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5 Weird (And Serious) Meat Art Pieces

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5 Weird (And Serious) Meat Art Pieces

Imagine you’re at a party and someone really cute walks up to you and asks what you do. You could say “I work in finance,” or “I’m a writer,” or “I tend bar.” Or you could say, “I collect Contemporary Meat Art,” to really grab their attention.

Meat Art isn’t just about putting a pork chop on a cat’s head and taking a photo. Respected contemporary artists have made art with real meat. This short introduction to Meat Art will give you the basics on the best of the Meat Art world. Meat Art comes in many forms: paintings, illustration, sculpture, performance and conceptual art, and it can also become high fashion as it did in the capable hands of Franc Fernandez, Nicola Formicetti and Lady Gaga at the 2010 MTV Video Music Awards.

Below, our collection of five times meat was used to make art:

1. “Meat Seat” by Armando Testa

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Armando Testa (1917- 1922) was an artist, designer and painter who opened a graphic design studio in his hometown of Turin, Italy, that went on to become one of Italy's largest agencies, which it remains today. It's obvious Testa knew his prosciutto, because this chair is draped in an extremely fine quality slice of it. The silkiness, the perfect amount of fat and the color, all come together to proclaim that this is the family chair without compare. Who would sit in this chair? The father of the house? The mother? Several children? Or is it just perfect for the single person in its immaculate elegance?

2. “The Meat House” by preemiememe/kerri

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There's something about this meat house created by kerri's digital artistry that brings thoughts of Little Red Riding Hood and the Wolf, or the other cottages always so dangerous in fairy tales. Yet this meat house is also terribly beguiling, reminding one of a large meat-lovers pizza or some combination of Korean barbecue and Italian-American red sauce place. This is the house you need to put your Meat Seat in, obviously.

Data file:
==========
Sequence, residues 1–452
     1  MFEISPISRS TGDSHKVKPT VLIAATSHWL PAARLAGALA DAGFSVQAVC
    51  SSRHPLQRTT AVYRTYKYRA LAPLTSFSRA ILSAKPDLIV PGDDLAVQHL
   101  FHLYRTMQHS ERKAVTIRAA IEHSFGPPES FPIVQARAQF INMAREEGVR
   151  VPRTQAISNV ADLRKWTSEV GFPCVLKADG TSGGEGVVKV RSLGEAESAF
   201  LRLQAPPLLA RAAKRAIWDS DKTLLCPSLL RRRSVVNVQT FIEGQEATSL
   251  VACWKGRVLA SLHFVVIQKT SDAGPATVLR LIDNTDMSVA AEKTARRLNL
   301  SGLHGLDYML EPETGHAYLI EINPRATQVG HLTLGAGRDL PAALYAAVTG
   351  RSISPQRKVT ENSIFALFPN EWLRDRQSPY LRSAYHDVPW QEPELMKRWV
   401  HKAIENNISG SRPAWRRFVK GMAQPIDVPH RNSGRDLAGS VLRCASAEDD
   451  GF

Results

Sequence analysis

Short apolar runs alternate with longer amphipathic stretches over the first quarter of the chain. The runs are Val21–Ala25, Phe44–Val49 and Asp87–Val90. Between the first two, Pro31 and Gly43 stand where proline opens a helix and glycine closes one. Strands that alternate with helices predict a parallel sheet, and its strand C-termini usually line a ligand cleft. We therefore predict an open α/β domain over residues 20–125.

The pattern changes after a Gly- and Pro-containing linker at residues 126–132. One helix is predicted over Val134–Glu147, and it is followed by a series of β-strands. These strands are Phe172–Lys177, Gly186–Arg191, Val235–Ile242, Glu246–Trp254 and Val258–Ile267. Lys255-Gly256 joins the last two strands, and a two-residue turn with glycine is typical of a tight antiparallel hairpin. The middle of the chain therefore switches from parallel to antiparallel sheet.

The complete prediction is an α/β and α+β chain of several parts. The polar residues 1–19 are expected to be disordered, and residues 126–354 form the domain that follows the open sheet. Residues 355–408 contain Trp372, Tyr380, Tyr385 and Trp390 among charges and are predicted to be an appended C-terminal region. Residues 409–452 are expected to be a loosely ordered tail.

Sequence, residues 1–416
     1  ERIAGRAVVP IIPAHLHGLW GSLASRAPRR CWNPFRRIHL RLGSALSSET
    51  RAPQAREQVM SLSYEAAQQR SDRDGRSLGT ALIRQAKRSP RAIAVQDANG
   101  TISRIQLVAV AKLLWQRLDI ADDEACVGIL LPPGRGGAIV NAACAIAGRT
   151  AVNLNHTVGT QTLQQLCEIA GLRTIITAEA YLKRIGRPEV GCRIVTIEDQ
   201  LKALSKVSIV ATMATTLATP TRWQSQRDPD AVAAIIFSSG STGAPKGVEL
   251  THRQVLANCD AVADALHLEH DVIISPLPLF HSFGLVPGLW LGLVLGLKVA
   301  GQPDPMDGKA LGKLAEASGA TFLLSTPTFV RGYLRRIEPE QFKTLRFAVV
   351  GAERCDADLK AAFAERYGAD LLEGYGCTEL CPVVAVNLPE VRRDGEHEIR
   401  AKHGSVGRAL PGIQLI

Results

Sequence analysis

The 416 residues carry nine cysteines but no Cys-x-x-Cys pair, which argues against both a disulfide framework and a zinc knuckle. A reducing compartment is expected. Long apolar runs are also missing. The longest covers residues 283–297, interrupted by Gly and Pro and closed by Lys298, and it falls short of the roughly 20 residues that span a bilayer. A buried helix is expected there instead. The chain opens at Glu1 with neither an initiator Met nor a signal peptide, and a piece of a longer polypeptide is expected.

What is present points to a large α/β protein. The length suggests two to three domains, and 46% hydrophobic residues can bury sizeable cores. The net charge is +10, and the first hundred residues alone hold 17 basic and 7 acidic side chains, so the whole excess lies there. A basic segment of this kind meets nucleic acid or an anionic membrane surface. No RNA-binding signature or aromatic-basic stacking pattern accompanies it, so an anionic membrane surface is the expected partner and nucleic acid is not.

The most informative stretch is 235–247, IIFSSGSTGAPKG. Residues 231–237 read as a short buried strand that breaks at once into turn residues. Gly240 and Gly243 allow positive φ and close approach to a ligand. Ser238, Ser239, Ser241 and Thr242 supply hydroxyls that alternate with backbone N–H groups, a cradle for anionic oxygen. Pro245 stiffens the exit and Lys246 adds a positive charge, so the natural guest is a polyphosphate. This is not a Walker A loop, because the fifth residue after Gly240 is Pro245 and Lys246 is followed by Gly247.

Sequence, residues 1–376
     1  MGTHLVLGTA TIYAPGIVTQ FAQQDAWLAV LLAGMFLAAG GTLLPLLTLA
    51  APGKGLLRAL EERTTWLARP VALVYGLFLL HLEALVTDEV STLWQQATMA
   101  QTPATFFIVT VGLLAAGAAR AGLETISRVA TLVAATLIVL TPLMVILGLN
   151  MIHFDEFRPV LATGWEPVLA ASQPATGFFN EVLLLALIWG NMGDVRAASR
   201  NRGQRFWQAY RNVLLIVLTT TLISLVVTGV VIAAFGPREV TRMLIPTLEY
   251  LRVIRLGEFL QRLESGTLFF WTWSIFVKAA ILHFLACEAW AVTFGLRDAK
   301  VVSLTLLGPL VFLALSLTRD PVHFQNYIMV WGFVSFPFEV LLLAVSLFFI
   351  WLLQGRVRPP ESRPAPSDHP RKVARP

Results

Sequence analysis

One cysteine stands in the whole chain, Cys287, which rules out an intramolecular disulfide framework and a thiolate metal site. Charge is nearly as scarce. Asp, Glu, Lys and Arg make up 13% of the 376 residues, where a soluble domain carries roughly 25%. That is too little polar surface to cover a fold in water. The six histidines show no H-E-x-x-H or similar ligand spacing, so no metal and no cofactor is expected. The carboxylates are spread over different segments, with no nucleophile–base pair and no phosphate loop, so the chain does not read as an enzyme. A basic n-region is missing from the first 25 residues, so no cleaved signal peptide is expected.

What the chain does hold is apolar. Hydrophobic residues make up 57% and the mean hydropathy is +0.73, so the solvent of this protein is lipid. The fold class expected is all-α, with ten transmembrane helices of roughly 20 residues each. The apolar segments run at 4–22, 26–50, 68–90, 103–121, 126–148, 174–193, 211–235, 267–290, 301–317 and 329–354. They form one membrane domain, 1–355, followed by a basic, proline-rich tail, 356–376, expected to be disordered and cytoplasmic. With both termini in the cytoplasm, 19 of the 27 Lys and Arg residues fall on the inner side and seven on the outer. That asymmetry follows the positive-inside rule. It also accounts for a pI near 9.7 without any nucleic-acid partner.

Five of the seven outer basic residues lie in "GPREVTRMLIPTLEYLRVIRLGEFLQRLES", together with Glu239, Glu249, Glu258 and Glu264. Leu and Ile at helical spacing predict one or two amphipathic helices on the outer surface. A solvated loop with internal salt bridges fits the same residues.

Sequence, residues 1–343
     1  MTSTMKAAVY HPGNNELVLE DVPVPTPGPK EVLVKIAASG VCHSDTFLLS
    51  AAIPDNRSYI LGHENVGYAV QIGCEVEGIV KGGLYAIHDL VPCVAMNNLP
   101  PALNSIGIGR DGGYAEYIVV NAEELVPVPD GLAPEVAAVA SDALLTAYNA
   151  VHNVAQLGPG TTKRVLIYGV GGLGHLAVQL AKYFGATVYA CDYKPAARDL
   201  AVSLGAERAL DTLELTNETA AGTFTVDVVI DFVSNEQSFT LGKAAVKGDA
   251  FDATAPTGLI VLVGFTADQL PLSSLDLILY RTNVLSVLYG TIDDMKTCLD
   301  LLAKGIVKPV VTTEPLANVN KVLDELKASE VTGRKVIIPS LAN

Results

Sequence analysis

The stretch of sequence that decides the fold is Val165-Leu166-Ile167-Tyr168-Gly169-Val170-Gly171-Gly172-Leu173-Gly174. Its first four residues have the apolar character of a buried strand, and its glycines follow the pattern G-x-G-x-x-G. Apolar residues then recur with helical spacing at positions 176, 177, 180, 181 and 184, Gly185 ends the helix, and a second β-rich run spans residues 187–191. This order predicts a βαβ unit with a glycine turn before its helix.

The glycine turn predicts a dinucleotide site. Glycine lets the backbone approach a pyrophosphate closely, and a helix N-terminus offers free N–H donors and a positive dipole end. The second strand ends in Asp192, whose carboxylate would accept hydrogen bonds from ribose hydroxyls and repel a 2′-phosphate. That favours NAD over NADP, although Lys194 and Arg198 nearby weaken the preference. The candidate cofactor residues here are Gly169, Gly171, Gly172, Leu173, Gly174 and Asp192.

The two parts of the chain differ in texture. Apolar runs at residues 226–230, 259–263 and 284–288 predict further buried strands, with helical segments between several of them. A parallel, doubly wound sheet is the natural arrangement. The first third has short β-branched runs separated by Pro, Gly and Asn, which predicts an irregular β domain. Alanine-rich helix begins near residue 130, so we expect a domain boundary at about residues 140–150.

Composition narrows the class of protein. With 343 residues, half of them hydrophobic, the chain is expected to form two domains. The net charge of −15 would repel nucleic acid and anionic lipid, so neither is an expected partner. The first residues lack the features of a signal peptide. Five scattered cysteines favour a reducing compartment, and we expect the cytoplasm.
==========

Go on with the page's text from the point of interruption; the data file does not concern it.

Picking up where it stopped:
3. “If Walls Could Talk” by Marcus Haas, Xi-design, Size Two and Mario Mankey

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This mural moves meat into the political arena. The design by Marcus Haas won an international competition for works using The Berlin Wall as a theme. The steel knife engraved with the phrase “Berlin 1961-1989” is slicing the meat cleanly into sections (Haas has stated that the sections are East and West Berlin) and by looking closely at the marbling of the meat, one can see the neighborhoods or districts inscribed there. The Berlin Wall, which divided families and an entire city, was built in 1961 to create a legal boundary between the two parts of the city with the well known Checkpoint Charlie as the most well-known crossing point. The Fall of the Wall in 1989 allowed the two parts of the city to become one again. This mural was built across from the Berlin Wall Memorial -designed by Haas and built with the collaboration of Xi-design, Size Two and Mario Mankey.

4. “My New York” by Zhang Huan

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The work of Chinese artist Zhang Huan lives firmly in the art world realm of collectors and museums — and this 2002 piece of performance art, where he roams the streets of New York City in an enormous, bulging suit of meat he designed and created — is considered to be an integral part of his body of work, exploring the experience of the immigrant, the ideas of man and animism, American bodybuilding culture and the concept of personal masks vs. personal reality. As he walked through the busy streets, at one point he released one white dove into the sky — a Buddhist tradition.

5. “Wood Meat Dress” by Mark Ryden

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Lowbrow/Pop Surrealist artist Mark Ryden’s work will be familiar to anyone who’s ever seen a Juxtapoz magazine cover. He’s been dubbed the “godfather of pop surrealism” by Interview magazine, and he often uses meat in his work. He talks about his reasons for creating art from meat in his artist statement here, but apart from any intellectual reasons, his Meat Art is utterly beautiful, almost hypnotic. The “Wood Meat Dress” sculpture is composed of pale-tinted sausages large and small, thin cut butterflied steaks, pork ribs, shanks and roasts, all put together to forms the dress of a very serious-looking young lady – as she should be. I know I’d probably look every bit as soulful if I were wearing that dress.

Photo by Taryn, CC BY-SA 2.0


Karen Resta is a writer, a food culturalist, and a sometimes-fashionista who mostly loves ice cream and Brooklyn.

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